Bidding farewell to Korean age system
South Korea is finally letting go of an age counting method that no other country in the world uses.
Under the traditional East Asian way of reckoning age, a person is considered 1 year old at birth, counting the time spent in the mother’s womb as the first year of life, and grows a year older at the turn of the calendar year, regardless of the actual date of birth.
Japan dropped the method from its legal system in 1950, and China hasn’t used it since the 1966-1976 Cultural Revolution. North Korea has officially used the common international age method since the 1980s.
Starting June 28, when revised laws take effect, South Korea will follow suit.
“I think it will be remembered as one of the greatest feats of the Yoon Suk Yeol administration,” said Choi So-jin, currently in her 40s, who turned 2 in Korean age just a few days after she was born in late December and has been reluctant to mention her Korean age for years. On the day the laws are promulgated, she will gladly shed those two years.
Aligning the Korean age system with the international norm was one of Yoon’s campaign pledges.
Seo Ji-yeon, an office worker whose Korean age became 50 this year, said the thought of being back in her 40s again makes her feel like she has bought lost time.
“For me, it’s a huge difference psychologically, and I feel like I should live life to the fullest,” Seo said, regarding the change.
While the shift seems reasonable to many, it may take some time before Koreans adapt to it.
Age has always been an important factor in Korea, especially among children, as in the Korean language how one addresses another is often determined by the age difference between the two.
Toddlers are taught to address older kids as “hyeong” (older brother for a boy), “nuna” (older sister for a boy), “oppa” (older brother for a girl) or “eonni” (older sister for a girl) even if they are not related. In preschools, older toddlers are often referred to as “hyeongnim,” with the honorific suffix “nim.”
“Chingu,” which means “friend,” is a term reserved only for those of the same age.
Children could be scolded if they were to call an older sibling or older child by his or her name.
Despite the fact that children in the same grade will go from all having the same Korean age to now having different ages, schools and parents are teaching kids that the age difference to be brought on by the law change does not suddenly make their friend or classmate “hyeong” or “eonni.”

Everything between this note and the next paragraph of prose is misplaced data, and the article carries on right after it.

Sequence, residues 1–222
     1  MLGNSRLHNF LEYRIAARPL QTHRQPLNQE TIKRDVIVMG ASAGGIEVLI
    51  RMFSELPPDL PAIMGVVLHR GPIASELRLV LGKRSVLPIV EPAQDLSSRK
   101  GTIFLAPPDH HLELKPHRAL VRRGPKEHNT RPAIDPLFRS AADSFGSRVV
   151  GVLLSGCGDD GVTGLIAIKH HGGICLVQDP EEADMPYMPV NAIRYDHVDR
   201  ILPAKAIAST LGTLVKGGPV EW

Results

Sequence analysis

“Children can fight over things like this,” said Choi, the mother of a 7-year-old who entered elementary school this year.
“In Korean culture, which puts so much emphasis on seniority, age has been an indisputable standard of hierarchy among children,” she said. “Eventually, they’ll get used to it.”
Teenagers at the high school Choi teaches at are jokingly saying that those whose birthdays haven’t passed yet have agreed to call slightly older classmates “hyeong,” and then, after their birthdays, using the casual “ya,” when calling out to a friend of the same age or someone younger.
Some people think the abolition of the Korean age system won’t transform the aspects of local culture that value seniority.
“I think the law is the law, and the culture is the culture,” said Jocelyn Clark, an American who teaches gayageum, a Korean traditional 12-string instrument, and comparative East Asian studies at Pai Chai University in Daejeon.
Mentioning how the idea that life starts at conception has influenced Koreans to be more negative about abortion compared to the West, Clark said she believes the concept of Korean age will continue to play a part in Koreans’ way of thinking.
Nevertheless, the government is working on a smooth transition.
The Education Ministry sent out official requests to metropolitan and provincial offices of education last month to help educate students and parents to minimize confusion on age and allow a culture of using the international age to settle into everyday life.
Schools are showing educational materials that explain that the way of counting age has been unified.
There have been three different ways of counting age — Korean age, the international norm and another system where a person is zero years old at birth, but adds a year to his age on New Year’s Day — in use in South Korea so far, often causing confusion, misunderstanding and even legal disputes.
One of the school materials cites as an example the law that says a child under the age of 6 can accompany an adult passenger on a city bus for free. Depending on which counting method one follows, there can be arguments over a child who is 7 years old in Korean age, but is still 5 years old by the international system, as his birthday has not yet passed.
“Being of different ages among classmates can feel awkward in the beginning, but they don’t need to address each other differently,” it says.
Exceptions to the new system
Although the new age-counting system will make every single South Korean one or two years younger, there will be a few exceptions.
The age from which one can buy alcohol or cigarettes – 19 – will continue to be calculated by deducting one’s year of birth from the current year, regardless of one’s date of birth.
So, those born anytime in the year 2004 can buy booze and cigarettes, as the Youth Protection Act defines as a “juvenile” any person under the age of 19, “provided that persons who will have obtained the age of 19 after Jan. 1 of the relevant year shall be excluded.”
Under the Military Service Act, men are required to get a physical examination for conscription in the year they turn 19. This won’t change.
The legal age children start going to elementary school will also remain the same — the year they turn 7 – under the Elementary and Secondary Education Act.
Therefore, children born in the year 2017 will go to elementary school from March next year.